Like many families, our summers are filled with ‘to do’ lists and endless home projects. And although these things are not always easy or fun, nor what we consider to be the best part of our summers, completing these challenging chores often brings beautiful, unexpected blessings.
When my family moved into our current home, the first project that we decided to conquer was updating the backyard. At first, we thought this task would not be too terrible. Most of the work, outside of removing some trees and an unusable pool, would be easy and maybe even enjoyable. After we uncovered large slabs of old bricks, buried just beneath the dirt and consuming our yard, our optimistic views of yard-work quickly changed. The task at hand was monstrous, and so we decided that all we could do was conquer it one brick at a time.
It took a week, but my family and I did it. We carefully removed each brick one by one over chatter about our day, or what project we wanted to do next. As we worked, I found myself often thinking about the work that we were doing as a family, the slow and steady work that seemed to sustain us through some of the boredom that the recent Covid-19 pandemic brought with it. I have often thought of the family that placed the bricks in our yard and how much time and care that it took to get the bricks in the ground just so, each one carefully chosen to fit into a certain path, a certain pattern.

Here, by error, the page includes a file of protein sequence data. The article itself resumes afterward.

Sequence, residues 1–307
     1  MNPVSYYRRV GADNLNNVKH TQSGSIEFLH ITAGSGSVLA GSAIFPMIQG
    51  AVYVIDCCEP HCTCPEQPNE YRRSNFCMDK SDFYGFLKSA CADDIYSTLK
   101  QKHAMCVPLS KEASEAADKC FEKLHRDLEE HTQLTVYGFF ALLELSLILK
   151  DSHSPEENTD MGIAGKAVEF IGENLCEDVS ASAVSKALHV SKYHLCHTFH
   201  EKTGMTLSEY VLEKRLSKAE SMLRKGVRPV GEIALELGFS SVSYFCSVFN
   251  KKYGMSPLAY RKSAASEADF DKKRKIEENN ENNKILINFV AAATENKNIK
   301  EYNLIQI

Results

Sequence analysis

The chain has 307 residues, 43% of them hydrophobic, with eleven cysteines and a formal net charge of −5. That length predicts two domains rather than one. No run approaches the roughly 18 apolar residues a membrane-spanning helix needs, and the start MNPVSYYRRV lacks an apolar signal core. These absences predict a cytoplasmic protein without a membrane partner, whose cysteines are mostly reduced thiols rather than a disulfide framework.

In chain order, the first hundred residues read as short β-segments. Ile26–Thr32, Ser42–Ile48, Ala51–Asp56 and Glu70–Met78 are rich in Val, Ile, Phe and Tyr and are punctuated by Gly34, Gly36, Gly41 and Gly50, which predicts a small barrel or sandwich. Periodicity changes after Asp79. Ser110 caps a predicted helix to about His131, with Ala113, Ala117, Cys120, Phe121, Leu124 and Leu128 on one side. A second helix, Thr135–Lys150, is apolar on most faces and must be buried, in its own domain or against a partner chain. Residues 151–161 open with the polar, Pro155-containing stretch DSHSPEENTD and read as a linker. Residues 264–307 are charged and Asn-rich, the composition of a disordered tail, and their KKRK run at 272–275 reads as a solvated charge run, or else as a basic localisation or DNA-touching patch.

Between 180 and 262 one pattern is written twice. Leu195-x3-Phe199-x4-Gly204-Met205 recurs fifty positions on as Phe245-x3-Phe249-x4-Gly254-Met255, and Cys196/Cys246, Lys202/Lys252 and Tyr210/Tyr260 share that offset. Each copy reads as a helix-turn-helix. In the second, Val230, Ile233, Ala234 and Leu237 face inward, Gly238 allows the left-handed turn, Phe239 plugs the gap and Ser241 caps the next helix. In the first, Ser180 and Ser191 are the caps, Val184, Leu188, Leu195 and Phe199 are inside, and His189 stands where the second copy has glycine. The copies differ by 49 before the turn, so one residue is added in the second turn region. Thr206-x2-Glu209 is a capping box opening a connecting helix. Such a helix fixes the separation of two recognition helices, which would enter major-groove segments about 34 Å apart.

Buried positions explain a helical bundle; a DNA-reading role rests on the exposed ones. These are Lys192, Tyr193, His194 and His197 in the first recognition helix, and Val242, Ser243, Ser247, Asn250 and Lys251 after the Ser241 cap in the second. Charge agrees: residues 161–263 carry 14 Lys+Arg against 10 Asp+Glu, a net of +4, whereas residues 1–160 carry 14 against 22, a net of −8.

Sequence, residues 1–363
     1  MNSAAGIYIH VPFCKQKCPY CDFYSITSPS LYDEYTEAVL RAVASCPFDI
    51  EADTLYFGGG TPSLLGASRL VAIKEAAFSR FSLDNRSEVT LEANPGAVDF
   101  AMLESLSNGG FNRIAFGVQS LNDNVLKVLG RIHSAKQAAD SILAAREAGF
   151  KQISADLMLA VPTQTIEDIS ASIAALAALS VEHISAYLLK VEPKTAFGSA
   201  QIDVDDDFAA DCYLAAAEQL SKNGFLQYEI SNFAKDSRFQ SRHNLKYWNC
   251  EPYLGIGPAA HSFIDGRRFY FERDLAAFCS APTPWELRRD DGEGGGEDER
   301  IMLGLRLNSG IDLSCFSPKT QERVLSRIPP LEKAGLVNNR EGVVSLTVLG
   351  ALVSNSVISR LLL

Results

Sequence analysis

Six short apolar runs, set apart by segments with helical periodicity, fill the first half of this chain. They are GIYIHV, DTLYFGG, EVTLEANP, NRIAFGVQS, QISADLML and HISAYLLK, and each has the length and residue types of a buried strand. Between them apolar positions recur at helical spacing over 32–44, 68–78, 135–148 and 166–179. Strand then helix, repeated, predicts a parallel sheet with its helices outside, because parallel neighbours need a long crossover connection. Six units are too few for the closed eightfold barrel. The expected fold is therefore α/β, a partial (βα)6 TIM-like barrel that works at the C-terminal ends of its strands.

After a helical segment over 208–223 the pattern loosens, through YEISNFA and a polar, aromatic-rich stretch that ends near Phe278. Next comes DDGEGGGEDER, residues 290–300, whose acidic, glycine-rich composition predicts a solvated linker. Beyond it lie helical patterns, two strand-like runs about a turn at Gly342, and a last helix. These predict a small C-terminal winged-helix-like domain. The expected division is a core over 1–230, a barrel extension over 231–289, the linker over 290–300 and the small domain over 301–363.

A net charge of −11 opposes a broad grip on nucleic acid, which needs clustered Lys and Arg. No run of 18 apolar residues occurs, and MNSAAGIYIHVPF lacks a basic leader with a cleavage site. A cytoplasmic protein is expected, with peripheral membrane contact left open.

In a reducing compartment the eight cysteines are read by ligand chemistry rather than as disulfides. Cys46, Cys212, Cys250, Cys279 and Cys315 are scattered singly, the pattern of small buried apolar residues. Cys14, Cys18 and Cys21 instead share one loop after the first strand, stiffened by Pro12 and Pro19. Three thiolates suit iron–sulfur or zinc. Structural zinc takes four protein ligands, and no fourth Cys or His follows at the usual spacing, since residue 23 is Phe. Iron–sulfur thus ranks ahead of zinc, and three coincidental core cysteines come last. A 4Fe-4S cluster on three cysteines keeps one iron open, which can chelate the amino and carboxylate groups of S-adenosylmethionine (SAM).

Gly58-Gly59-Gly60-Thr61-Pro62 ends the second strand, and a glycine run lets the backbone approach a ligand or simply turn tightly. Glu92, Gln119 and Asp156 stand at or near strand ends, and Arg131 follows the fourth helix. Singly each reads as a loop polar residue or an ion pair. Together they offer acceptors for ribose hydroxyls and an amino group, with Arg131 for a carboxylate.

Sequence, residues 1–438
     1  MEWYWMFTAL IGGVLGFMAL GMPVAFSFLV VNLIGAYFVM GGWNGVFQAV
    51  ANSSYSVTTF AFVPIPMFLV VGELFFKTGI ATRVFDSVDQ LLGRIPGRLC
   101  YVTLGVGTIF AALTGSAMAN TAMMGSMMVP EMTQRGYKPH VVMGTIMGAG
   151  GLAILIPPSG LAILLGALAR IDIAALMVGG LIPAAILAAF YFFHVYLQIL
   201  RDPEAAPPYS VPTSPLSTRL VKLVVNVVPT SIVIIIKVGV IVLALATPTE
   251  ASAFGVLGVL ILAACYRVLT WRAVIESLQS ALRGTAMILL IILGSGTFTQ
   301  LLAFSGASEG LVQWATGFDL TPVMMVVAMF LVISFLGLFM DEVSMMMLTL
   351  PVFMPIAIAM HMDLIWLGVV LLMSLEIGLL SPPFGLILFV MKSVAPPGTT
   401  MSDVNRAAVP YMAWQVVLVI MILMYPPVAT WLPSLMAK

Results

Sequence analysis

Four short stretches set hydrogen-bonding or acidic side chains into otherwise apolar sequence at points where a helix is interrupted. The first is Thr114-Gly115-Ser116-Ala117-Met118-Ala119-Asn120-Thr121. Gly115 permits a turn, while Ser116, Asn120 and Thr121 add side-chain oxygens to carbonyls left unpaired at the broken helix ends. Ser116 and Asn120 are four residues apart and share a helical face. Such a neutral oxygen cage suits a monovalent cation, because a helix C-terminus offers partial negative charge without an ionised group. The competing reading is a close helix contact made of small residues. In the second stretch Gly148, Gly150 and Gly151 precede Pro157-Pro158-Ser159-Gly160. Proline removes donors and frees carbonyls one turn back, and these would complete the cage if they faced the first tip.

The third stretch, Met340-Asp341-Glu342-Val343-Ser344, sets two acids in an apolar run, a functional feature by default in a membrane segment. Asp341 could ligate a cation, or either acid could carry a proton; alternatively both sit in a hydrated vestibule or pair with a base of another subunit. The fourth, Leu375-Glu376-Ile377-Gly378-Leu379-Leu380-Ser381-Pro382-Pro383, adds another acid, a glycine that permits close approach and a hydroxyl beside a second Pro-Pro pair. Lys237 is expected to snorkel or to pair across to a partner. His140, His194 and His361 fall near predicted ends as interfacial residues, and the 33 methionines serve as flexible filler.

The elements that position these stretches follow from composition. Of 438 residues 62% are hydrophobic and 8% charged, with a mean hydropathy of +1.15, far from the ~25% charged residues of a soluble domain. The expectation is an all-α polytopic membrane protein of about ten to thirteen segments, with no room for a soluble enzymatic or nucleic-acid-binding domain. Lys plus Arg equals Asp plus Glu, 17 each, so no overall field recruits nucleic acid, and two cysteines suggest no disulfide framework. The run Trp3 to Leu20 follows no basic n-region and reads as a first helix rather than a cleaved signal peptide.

Some bricks were removed easily, and others were difficult as roots had grown into their knots and were determined not to let go, much like we do when letting go of what we know seems risky or scary. As I tugged and pulled each brick out of the ground, I slowly began to ponder God and his work as a caring, loving, patient, and creative bricklayer. Just as the bricklayers did for our home, God also carefully chooses just the right bricks for our paths and domestic churches. He carefully helps to build grand pillars of faith, hope, and love that mothers rely upon when guiding their families to draw closer to God. As I removed the rooted bricks, the ones that had to be discarded so that new plants could grow, I pondered how God has helped me to remove the bricks in my life that needed to be let go so that I might grow in my spirituality and motherhood. Like a creative artist, God knows just the right design, the right pattern of bricks, that will enliven my ordinary life with his extraordinary wisdom.
St. Faustina once remarked that a “meaningful building will never rise if we reject the insignificant bricks.” I would add that our meaningful buildings will stay strong and never fall as long as we remove the broken bricks of our lives. What are the bricks you need to move so that you may be closer to him? If the answer overwhelms you, just go brick by brick. God will be there to help you do the rest. Just wait and see.